Tag Archives: Feature

Mapping species and coral bleaching by drone

Advanced, miniature cameras on drones are capturing details of landscapes that have previously been invisible. QUT researchers are using them to fly low over reefs, capturing almost 100 times the colours captured by standard cameras.

“High-altitude surveys of reefs may lack the resolution necessary to identify individual corals or bleaching effects,” says Associate Professor Felipe Gonzalez, who is leading a team of researchers and unmanned aerial systems (UAS) engineers from QUT in a partnership project between QUT and the Australian Institute for Marine Science (AIMS).

Continue reading Mapping species and coral bleaching by drone

Tracking space junk

Algorithms normally used to track aircraft, ships and other vehicles are being used to monitor space junk and predict where it will go.

Currently the US Department of Defense tracks around 17,300 objects the size of a softball or larger, orbiting around the Earth at speeds of up to seven kilometres per second.

They can cause serious damage if they collide with something else. Last year a tiny paint fleck caused a crack in a window of the International Space Station.

Continue reading Tracking space junk

Earthquake-proofing ports

Researchers from The University of Melbourne are learning how to modify existing Indonesian and Australian ports so earthquakes don’t do such devastating damage to sea trade.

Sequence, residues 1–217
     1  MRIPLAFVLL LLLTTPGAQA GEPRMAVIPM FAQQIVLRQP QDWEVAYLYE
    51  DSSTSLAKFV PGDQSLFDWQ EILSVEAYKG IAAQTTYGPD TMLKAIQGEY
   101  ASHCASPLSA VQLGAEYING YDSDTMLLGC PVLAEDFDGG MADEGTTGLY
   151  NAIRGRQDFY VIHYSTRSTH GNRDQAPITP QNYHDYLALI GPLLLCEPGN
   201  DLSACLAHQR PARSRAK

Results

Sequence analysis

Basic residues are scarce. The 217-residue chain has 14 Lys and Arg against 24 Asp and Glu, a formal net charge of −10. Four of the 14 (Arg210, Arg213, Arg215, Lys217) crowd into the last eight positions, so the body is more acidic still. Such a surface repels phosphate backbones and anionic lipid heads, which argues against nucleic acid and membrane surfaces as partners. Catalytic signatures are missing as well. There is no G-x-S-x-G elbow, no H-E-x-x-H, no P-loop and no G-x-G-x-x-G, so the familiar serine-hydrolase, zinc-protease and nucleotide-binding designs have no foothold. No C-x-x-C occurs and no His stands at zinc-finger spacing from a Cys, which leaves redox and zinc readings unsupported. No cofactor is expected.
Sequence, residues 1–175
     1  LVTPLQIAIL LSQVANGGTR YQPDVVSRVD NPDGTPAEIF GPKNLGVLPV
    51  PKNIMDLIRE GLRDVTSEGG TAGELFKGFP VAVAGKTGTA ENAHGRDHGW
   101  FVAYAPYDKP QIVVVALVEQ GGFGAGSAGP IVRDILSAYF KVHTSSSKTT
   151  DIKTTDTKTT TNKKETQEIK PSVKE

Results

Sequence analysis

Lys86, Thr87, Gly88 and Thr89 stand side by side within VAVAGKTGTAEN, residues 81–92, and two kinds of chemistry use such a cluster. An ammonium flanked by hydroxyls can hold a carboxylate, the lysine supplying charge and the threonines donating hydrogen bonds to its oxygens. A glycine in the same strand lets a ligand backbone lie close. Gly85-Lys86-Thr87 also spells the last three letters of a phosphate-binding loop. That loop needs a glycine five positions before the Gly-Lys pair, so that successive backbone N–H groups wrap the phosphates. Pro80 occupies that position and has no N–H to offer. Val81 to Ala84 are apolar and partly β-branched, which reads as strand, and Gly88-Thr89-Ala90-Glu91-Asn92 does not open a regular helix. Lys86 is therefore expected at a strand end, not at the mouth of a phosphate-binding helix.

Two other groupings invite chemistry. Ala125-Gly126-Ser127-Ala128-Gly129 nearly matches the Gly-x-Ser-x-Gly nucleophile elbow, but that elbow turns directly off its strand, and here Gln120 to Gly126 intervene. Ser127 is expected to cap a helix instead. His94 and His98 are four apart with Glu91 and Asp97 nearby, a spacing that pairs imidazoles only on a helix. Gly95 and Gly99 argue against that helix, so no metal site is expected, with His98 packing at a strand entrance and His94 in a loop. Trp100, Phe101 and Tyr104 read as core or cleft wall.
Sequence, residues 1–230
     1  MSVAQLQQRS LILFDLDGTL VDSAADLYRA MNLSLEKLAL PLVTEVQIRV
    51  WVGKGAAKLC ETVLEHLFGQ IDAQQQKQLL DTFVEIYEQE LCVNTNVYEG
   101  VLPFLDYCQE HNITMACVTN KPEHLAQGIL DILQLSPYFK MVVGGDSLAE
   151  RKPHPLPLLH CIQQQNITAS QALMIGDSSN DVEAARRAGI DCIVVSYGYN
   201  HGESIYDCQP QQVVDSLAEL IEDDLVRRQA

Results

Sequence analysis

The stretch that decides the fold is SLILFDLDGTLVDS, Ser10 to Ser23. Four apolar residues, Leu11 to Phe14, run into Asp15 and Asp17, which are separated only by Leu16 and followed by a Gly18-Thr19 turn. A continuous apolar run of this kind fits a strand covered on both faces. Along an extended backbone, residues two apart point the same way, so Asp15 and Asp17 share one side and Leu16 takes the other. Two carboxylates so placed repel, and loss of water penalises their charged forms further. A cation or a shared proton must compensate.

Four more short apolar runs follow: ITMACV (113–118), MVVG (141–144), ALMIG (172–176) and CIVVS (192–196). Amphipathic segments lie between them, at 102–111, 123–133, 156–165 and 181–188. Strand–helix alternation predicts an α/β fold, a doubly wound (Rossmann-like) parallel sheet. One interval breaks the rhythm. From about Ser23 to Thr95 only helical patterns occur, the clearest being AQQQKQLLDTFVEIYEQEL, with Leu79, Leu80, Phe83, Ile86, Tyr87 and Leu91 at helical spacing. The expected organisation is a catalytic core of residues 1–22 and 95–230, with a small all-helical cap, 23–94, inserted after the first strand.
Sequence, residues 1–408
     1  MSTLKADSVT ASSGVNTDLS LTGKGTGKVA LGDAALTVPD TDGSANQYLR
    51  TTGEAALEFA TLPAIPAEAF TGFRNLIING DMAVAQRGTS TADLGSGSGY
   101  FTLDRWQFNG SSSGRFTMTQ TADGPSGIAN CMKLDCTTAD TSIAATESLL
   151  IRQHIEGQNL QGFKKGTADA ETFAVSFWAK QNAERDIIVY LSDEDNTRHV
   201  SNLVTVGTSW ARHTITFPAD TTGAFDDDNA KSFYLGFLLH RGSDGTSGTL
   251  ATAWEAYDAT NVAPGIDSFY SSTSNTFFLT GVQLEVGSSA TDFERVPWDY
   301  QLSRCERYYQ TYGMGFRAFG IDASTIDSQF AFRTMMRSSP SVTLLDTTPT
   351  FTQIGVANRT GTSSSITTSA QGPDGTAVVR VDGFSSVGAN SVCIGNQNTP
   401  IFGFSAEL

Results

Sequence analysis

“What we currently have is a recipe for disaster. Some of the port infrastructure is over 100 years old and wasn’t designed to cope with the loads they are currently bearing, let alone an earthquake,” says Dr Massoud Sofi.

Continue reading Earthquake-proofing ports

Lenses a fraction of a hair’s width, faster communication and better solar cells

A lens just a billionth of a metre thick could transform phone cameras. Swinburne researchers have created ultra-thin lenses that cap an optical fibre, and can produce images with the quality and sharpness of much larger glass lenses.

Continue reading Lenses a fraction of a hair’s width, faster communication and better solar cells

Robo reef protector

A fleet of autonomous robots is being developed by Queensland scientists to kill crown-of-thorns starfish (COTS), and monitor the health of the Great Barrier Reef.

Dr Matthew Dunbabin and Dr Feras Dayoub of QUT are working with the Great Barrier Reef Foundation to create the RangerBot, following successful field trials of QUT’s COTSBot in 2016.

Continue reading Robo reef protector

Using algorithms to predict flu outbreaks

A computer algorithm originally developed to model the West African Ebola pandemic in 2014 is being used to predict flu outbreaks in Australia months in advance, and could help in the fight against bioterrorism.

Developed by Australian Defence scientists, the tool was originally used to forecast the number of people infected with Ebola up to two months in advance.

Continue reading Using algorithms to predict flu outbreaks

Does coral help create rain?

Researchers have found that coral reefs may play a key role in cloud formation. Now they’re working to make climate modelling more accurate.

Australian and international scientists, led by QUT’s Professor Zoran Ristovski, spent a month in late 2016 collecting data on airborne particles emitted from the Great Barrier Reef, which they are now analysing.

Continue reading Does coral help create rain?